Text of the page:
District Board approves cooperative project to provide water resources protection in the Wekiva River Basin
PALATKA, Fla., Feb. 12, 2013 -- The St. Johns River Water Management District's Governing Board today approved a collaborative cost-share agreement that will provide alternative water supply to the city of Apopka while reducing the amount of nutrients entering the Little Wekiva and Wekiva rivers.
The $12.5 million stormwater and reclaimed water management project partners the District, the cities of Altamonte Springs and Apopka, the Florida Department of Transportation (FDOT) and the Florida Department of Environmental Protection (DEP).
"This is a great example of intergovernmental cooperation," said District Executive Director Hans G. Tanzler III. "We have two local governments and three government agencies working together on a project that reduces water use in the springshed and provides springs protection by reducing the loading of nutrients."
Altamonte Springs was one of the first cities in central Florida to implement reuse of reclaimed water for landscape irrigation. This project will provide up to 4.5 million gallons of water per day (mgd) of alternative water supply, taking advantage of storm water captured from FDOT's Interstate 4 expansion project and unused reclaimed water from the city of Altamonte Springs. Using the storm water for reuse, and preventing any wet weather discharge of unused reclaimed water, will significantly reduce the amount of nutrients entering (or "loading") into the Little Wekiva River.
The innovative project will provide up to 4.5 mgd to the city of Apopka to augment its reclaimed water system for landscape irrigation and reduce dependency on groundwater. In turn, the project will prevent 27,000 pounds per year of total phosphorus and 59,000 pounds per year of total nutrients from being discharged into the Little Wekiva River.
"By reducing nutrients to the Little Wekiva and Wekiva rivers, this project should ultimately help to better protect Wekiwa Springs," said DEP Secretary Herschel T. Vinyard Jr. "DEP continues to focus on tangible projects that are protective of the environment, both in terms of water quality and water quantity."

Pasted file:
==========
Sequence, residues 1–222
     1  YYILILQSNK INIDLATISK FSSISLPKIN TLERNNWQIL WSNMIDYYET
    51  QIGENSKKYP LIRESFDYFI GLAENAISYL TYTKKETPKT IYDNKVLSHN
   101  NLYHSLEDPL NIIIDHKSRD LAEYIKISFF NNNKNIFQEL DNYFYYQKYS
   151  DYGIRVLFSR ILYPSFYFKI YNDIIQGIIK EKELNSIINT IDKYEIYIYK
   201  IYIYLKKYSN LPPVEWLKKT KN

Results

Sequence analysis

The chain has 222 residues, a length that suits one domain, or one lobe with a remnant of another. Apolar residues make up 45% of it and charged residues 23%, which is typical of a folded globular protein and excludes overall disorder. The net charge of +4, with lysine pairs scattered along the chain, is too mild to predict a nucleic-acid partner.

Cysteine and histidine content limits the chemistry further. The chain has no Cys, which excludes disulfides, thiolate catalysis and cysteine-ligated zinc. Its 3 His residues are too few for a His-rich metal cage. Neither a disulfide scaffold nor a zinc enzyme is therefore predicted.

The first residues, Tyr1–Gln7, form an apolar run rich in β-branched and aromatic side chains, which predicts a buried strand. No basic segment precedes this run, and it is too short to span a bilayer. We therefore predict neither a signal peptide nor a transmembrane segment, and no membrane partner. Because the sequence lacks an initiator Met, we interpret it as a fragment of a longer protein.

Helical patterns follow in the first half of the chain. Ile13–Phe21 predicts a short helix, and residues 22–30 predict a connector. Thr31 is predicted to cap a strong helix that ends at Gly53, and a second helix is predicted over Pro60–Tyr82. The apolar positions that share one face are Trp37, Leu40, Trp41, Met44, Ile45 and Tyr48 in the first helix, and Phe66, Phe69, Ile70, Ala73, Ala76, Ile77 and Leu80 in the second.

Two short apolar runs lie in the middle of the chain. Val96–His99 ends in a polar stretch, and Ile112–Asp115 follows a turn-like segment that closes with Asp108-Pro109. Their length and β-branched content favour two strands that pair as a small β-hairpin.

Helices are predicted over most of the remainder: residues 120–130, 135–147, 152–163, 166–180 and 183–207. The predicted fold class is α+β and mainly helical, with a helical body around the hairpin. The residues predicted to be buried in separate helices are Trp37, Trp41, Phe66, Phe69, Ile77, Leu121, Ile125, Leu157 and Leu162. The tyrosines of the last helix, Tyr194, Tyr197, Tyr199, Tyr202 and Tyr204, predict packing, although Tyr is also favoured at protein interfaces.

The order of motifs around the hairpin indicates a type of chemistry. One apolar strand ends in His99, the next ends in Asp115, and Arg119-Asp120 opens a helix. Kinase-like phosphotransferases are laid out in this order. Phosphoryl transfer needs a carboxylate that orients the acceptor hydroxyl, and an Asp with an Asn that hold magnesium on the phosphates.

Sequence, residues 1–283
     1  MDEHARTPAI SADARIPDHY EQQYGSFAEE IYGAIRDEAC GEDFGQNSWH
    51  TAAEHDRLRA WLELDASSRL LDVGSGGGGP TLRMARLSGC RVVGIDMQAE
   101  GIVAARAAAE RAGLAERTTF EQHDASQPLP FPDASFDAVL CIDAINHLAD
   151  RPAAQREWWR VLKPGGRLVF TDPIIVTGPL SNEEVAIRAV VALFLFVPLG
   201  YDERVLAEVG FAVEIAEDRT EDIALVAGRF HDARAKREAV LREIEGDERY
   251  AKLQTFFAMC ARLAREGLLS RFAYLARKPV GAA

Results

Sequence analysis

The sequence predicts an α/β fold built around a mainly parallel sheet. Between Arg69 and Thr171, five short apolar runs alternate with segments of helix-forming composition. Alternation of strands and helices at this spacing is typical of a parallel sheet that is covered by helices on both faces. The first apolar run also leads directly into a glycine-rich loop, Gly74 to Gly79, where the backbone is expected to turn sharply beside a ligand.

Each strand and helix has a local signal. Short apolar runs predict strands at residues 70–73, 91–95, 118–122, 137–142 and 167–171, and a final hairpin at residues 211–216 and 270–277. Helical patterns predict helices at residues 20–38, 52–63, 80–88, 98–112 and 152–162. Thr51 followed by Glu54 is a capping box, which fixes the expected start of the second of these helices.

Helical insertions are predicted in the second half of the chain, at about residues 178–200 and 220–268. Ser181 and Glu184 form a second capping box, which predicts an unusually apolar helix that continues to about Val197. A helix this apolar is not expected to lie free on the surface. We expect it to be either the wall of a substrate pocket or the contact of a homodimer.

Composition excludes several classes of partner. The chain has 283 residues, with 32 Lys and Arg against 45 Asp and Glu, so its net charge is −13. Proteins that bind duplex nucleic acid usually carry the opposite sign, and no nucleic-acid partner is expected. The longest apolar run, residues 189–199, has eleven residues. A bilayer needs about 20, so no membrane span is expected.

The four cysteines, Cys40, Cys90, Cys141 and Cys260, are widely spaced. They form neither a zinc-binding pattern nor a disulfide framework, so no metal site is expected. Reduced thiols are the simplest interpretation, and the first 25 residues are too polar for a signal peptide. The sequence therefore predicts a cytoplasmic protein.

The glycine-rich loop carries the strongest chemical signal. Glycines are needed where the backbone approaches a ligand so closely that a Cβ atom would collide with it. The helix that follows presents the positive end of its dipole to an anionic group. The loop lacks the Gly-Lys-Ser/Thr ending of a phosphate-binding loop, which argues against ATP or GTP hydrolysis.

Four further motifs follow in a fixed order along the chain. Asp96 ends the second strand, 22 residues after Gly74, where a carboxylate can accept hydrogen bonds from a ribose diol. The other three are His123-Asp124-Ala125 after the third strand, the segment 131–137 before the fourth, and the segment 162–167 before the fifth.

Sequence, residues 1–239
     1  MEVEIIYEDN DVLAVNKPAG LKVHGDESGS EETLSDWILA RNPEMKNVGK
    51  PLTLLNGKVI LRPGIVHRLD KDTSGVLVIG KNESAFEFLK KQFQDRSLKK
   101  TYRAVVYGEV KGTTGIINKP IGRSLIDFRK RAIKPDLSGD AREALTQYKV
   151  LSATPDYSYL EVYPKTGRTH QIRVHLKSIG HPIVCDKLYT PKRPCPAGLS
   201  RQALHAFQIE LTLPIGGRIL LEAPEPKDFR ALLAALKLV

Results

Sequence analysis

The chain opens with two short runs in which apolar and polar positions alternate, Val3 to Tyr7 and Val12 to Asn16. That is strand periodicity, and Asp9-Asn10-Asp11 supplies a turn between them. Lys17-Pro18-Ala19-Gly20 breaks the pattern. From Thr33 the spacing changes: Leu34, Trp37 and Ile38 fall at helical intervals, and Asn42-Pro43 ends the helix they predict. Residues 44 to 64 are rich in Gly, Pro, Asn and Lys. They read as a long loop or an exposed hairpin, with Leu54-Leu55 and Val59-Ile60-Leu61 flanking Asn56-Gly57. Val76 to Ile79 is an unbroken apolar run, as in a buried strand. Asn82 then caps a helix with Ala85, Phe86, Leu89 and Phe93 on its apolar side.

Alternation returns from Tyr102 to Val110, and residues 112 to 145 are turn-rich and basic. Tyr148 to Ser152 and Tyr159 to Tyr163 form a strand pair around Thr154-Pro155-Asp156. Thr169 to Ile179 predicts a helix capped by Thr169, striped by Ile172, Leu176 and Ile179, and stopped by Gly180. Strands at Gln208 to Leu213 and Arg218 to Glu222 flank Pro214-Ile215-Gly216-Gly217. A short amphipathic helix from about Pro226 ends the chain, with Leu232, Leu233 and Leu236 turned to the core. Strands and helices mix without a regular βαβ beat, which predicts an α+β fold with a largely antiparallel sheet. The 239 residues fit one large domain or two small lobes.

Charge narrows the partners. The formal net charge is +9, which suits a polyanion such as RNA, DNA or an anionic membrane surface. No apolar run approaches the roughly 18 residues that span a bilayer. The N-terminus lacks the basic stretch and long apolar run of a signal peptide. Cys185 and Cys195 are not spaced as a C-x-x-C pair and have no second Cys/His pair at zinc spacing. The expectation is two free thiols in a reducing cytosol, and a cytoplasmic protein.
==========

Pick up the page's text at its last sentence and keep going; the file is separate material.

FDOT will provide $4.5 million of the total funding, the District $3.5 million, Altamonte Springs $3 million and DEP $1.5 million to the project that combines water quality and water quantity benefits. The city of Apopka will make improvements in its system to store and use the water received from this project.
Specific benefits of the project include:
- Supplies unmet demands for additional reclaimed water in western Orange County
- Significantly reduces surface water discharges
- Substantially reduces groundwater augmentation of reclaimed water in the Altamonte Springs and Apopka reclaimed water systems
- Significantly reduces nutrient loading from nonpoint and point sources to the Little Wekiva River
- Addresses total maximum daily loads
- Addresses stormwater treatment needs for Interstate 4 in Altamonte Springs
- Creates a conveyance system to potentially move additional alternative water supplies from Seminole County west into Orange County in the future